Mamma Mia!



Although this day is a happy one for many, it’s important to remember that Mother’s Day can be a difficult time for those who have lost their mom. It can be a time to reflect and honor those women who have gone before us and whose memories we cherish. The woman who is credited with advocating for Mother’s Day did so to honor her own mother who had passed away.1 


Local Rochester woman Tracy Will, who lost her mother two and a half years ago, says that it’s a “pretty hard holiday.” She appreciates when others around her understand her feelings and loves it when they share stories about her mom. She makes a point to “let others in my life who serve in a mom-type role know how much I appreciate them. I also try to make my mother-in-law’s Mother’s Day special. Reaching out eases the pain and affirms the good relationships that I do have.” 


As you honor all the emotions of the day, create a celebration that fits you and your family the best. One common way to celebrate is with brunch. 

We’ll provide some Mother’s Day brunch ideas for you (or you can conveniently leave this magazine open to this page around someone else whom you’d like to encourage to celebrate with you). If you decide to head to a restaurant to celebrate, you will find many options for brunch at one of Rochester’s fabulous restaurants. 

Forager Brewery is giving a free mimosa to all moms during its Mother’s Day brunch from 10 a.m. to 3 p.m. Enjoy made-from-scratch eggs, French toast, biscuits and gravy, Gouda hash browns, a meat carving station and a dessert bar. Whistle Binkies Old World Pub serves an expanded brunch featuring crab legs and prime rib, and like every Sunday, they have their famous bloody mary bar. Five West Kitchen & Bar will also have a special Mother’s Day brunch with some of the best eggs Benedict in town.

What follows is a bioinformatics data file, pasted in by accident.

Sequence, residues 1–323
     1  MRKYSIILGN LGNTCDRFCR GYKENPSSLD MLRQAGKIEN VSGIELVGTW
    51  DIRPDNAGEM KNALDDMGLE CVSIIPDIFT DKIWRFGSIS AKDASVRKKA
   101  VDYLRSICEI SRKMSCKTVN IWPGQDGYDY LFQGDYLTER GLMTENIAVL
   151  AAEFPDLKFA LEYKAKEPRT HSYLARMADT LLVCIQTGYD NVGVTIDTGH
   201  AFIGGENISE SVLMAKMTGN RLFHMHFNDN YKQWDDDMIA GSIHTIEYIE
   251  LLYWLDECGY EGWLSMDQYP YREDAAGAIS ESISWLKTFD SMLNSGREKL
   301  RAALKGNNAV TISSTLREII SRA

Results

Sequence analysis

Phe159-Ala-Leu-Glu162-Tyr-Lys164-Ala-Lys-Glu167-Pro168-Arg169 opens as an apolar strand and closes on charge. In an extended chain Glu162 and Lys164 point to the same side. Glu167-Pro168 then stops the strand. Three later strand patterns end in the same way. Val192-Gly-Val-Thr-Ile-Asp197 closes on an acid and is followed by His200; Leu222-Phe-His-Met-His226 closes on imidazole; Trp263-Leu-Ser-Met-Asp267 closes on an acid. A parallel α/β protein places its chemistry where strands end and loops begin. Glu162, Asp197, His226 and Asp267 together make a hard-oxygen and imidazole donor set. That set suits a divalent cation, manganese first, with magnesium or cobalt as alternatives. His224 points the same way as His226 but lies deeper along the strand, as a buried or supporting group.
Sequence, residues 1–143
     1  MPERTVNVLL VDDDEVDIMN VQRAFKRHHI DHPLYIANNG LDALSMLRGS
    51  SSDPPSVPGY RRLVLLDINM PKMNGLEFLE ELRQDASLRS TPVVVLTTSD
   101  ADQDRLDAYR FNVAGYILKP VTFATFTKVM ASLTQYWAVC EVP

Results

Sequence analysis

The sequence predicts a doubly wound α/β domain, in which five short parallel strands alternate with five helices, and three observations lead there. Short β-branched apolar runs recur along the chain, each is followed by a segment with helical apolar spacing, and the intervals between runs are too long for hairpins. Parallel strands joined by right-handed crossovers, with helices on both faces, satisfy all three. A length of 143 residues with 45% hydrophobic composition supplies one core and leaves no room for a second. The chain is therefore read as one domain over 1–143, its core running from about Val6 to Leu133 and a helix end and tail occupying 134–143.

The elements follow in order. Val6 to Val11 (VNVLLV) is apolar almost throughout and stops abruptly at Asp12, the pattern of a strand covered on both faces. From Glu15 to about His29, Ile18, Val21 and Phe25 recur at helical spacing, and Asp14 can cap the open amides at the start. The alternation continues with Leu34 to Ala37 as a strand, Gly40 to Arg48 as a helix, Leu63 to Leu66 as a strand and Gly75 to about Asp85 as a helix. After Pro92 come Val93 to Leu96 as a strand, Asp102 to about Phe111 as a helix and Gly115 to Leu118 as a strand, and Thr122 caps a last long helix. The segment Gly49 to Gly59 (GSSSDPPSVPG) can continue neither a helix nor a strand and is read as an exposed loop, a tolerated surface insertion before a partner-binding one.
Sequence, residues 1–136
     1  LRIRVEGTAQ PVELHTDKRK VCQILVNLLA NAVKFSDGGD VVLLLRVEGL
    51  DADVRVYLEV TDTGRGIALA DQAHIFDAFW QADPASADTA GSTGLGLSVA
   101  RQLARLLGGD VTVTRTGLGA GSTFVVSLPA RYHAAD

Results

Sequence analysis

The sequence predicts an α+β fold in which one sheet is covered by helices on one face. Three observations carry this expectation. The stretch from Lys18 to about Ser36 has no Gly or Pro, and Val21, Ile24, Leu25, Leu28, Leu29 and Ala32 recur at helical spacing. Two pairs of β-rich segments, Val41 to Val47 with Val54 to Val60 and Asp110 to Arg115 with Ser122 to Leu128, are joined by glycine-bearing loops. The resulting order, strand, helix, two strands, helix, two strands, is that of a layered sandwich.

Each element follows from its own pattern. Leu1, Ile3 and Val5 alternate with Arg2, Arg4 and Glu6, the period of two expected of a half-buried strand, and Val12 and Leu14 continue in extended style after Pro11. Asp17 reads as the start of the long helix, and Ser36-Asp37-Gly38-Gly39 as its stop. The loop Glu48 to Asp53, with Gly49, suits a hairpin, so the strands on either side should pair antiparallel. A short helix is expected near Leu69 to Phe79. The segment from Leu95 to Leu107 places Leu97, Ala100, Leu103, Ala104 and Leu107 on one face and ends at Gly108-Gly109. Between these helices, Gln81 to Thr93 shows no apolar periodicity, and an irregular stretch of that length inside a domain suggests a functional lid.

A do-it-yourself brunch is also a great option. There’s nothing quite so beautiful as a spring brunch table. There are many great make-ahead recipes for egg bakes, French toast bakes, fruit salads and even drinks to minimize day-of work.

Rochester Downtown Farmers Market moves outside beginning May 5. On May 12, the day before Mother’s Day, you’ll be able to shop for the freshest local ingredients for your brunch. The strata recipe we include here was inspired by Jessica Joyce, manager of the farmers market, who says that asparagus will be in season and readily available, along with local ham and cheeses, eggs and probably even chives. Grab some bread from one of the vendors to use in your recipe as well.


We are sharing a recipe from Duluth-based Vikre Distillery. Rhubarb bellinis feature a locally-grown springtime fruit (available at the farmers market) in a syrup that can be made ahead and simply mixed with a sparkling wine.

You can find other meats and baked goods, as well as jams and honey at the farmers market. In addition to food, decorate your table with tulips, which you’ll find in abundance at this time of year at the market. Buy pre-cut flowers to decorate your table or to give, or buy potted tulips for yourself or others, and when they finish blooming inside, plant them outside to enjoy them year after year.